(first posted 5/5/2014) I’d like to introduce you to my favourite Japanese car; the Datsun 260C sedan, aka Nissan 330 Cedric. For this article, I’m going to look at the intermingling of the Japanese car industry and Italian styling houses through the progression of this model, hopefully shedding some light on a little understood collaboration and taking a step in giving credit where its due.
In 1952, Nissan entered an agreement with Austin Motors of England to licence the production of motor cars. By 1955, the Austin A50 Cambridge was at the top of the Nissan passenger car hierarchy, but with the domestic economy still recovering, these were not a local success. Toyota, which had eschewed licensing vehicles from outside, developed the Crown and by 1957, it was being exported to the USA. For Nissan, onerous licensing fees and corporate pride had them eager to step out on their own.
Nissan launched its own premium car, the Cedric 30, in 1960. Design chief Shozo Sato was responsible for the lines. An engineer by training, he had impressed executives at Nissan with his excellent watercolour rendering and was appointed head of the fledgling styling office. The Cedric was a conservatively styled saloon, but it did demonstrate lessons learned from the Austin affiliation; and compared with cars such as the Opel Rekord or the Standard Vanguard, it held its own.
Those stacked headlights were not a bid at preempting the 1963 Pontiac, but were instead inspired by the Tobu JNR 151 commuter train from the late 50s. The 680 truck received this treatment as well, and it was also considered for the Junior pickup. The curved windscreen on the Cedric 30 was, however, evidence that designers were trying to emulate overseas styling advances, albeit a little late.
In 1960, Prince Motors (not yet merged with Nissan) exhibited the Michelotti-styled Skyline Sport at the Turin Motor Show. By all accounts, this was the first time a European design house had been involved with styling a Japanese car. It initiated a rush. By the mid-sixties, Michelotti had also worked with Hino, Ghia with Isuzu, Bertone with Mazda and Vignale with Daihatsu. For Nissan, Pininfarina was the chosen carrozzeria.
The first result of the Nissan/Pininfarina union was the 1962 410 ‘Bluebird’. A cohesive and contemporary design, its most distinctive feature was the shallow scallop along the body side. As a Pininfarina styling cue, it first appeared on the 1956 Alfa Romeo 6C 3500 Super Flow.
The 1961 Cadillac Jacqueline used it in a fashion similar to its adoption on the 410, as did the 1968 BLMC 1100 Berlina Aerodynamica, and it was still being used by Pininfarina in 1976 on the Lancia Gamma Coupe. Fine bloodlines indeed.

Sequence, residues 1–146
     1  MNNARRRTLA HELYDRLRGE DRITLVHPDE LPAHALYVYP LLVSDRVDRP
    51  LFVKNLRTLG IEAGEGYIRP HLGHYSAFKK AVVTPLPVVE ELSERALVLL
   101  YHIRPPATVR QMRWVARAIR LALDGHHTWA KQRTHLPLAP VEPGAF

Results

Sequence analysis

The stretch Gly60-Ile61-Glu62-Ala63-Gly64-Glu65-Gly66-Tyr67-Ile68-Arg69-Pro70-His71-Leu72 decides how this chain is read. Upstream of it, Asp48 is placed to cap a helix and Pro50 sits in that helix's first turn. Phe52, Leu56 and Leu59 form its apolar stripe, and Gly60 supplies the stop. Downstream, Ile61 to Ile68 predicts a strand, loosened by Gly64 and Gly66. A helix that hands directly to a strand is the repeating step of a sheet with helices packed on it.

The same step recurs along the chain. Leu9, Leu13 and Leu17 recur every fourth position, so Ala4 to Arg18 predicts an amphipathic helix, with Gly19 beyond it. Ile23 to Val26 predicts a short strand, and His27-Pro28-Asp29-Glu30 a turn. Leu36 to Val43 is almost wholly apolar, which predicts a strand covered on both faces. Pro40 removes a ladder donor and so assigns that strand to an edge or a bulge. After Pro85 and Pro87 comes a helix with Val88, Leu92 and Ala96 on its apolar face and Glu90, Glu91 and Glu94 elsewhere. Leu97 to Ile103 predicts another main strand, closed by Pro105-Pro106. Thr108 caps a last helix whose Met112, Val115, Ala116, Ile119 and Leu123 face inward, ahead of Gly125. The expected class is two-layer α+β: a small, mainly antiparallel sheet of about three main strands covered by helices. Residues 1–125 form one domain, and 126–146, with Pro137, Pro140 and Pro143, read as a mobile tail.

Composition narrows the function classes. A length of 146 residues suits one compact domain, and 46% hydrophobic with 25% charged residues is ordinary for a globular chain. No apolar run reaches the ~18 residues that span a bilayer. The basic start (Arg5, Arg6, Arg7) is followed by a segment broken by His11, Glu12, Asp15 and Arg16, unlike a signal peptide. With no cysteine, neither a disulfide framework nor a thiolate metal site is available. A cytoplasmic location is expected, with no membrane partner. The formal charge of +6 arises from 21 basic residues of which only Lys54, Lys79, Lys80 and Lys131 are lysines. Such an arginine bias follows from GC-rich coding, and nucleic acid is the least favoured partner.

As we linger on the Jacqueline, I take pause here to explain the Japanese/Italian link in a bit more detail. The Pininfarina Catalogue Raisonné, which is considered the official record of output, features no Japanese cars among nearly 500 vehicles from 1930 to 1990. These omissions are not explained, but the Italdesign/Giugiaro Catalogue Raisonné hints at a possible reason: ‘Japan’s auto manufacturers are not too keen to have it known that they have asked an outside designer to do work for them’. Equally, it’s possible that the design put to manufacture is not the same design as delivered by the styling house, who perhaps might not want to be associated with a work that they don’t consider ‘theirs’.
For the earlier-mentioned Japanese/Italian unions, the result was usually a halo two-door sports car and the link with the design house publicised. But the 410 was not, until very recently, openly acknowledged as a Pininfarina design.
Back to the top-of-the-line Nissan Cedric. The 1963-65 31 model had the same body as the stacked light 30 with a new face. Given the timing of the redesign, it’s likely this update was at the advice of Pininfarina. In 1962, Nissan had also released the Cedric 50, a longer-wheelbase variant with extra length in the rear doors.
Credit to Pininfarina for the 130 Cedric, as with the 410, has only recently been promoted by Nissan. This sketch is dated December 1962. It features a side scallop with a chrome strip running along its centre, à la Jacqueline. The overall design is a more squared-off arrangement, in keeping with international trends following the tailfin era. For the production 130 Cedric, the rectangular headlights were not to be used. Nor was the stepped front bumper.
If the 410 was a confident step in the right direction, the 1965-68 130 Cedric was a giant leap. Some of the cues from the December ’62 sketch are present, including the body-length scallop, but this design is a far more sophisticated solution.
I would go so far as to say this was one of the better Pininfarina four/five doors of the sixties. While it doesn’t match the sheer brilliance of the BLMC Aerodynamica or the beauty of the 1960 Peugeot 404 Wagon, it is–to these eyes–a more attractive solution than the 1963 Austin Morris 1100 and 1966 Ika Torino (pictured above).
The longroof variant is just as well conceived. A delicate greenhouse, crisp lines and balanced proportioning combine to provide sure competition for the Toyota Crown. And there were few contemporaneous European cars of this size and utility as pleasingly resolved. Overall length of the saloon had not differed from the 30, but the height had been reduced by fifty millimeters (about two inches), and the improvement in visual effect was more than apparent.
The 1968-71 130 Series Mark 4 was an in-house update. The front end of the car was totally revised to the extent that it appears to be a completely new model, from this angle at least. I won’t yet focus on the many different names of these cars, but I will point out that in Australia, the model name ‘Cedric’ was dropped and replaced with ‘Big Datsun Six’ for these versions.
This carefully chosen angle of the 1969 Plymouth Fury in no way implies that the US stylists were looking over the shoulders of their Japanese counterparts. But it does suggest that the Japanese stylists were capable of producing design solutions the match of their international peers, even if they did have a great head start on the 130.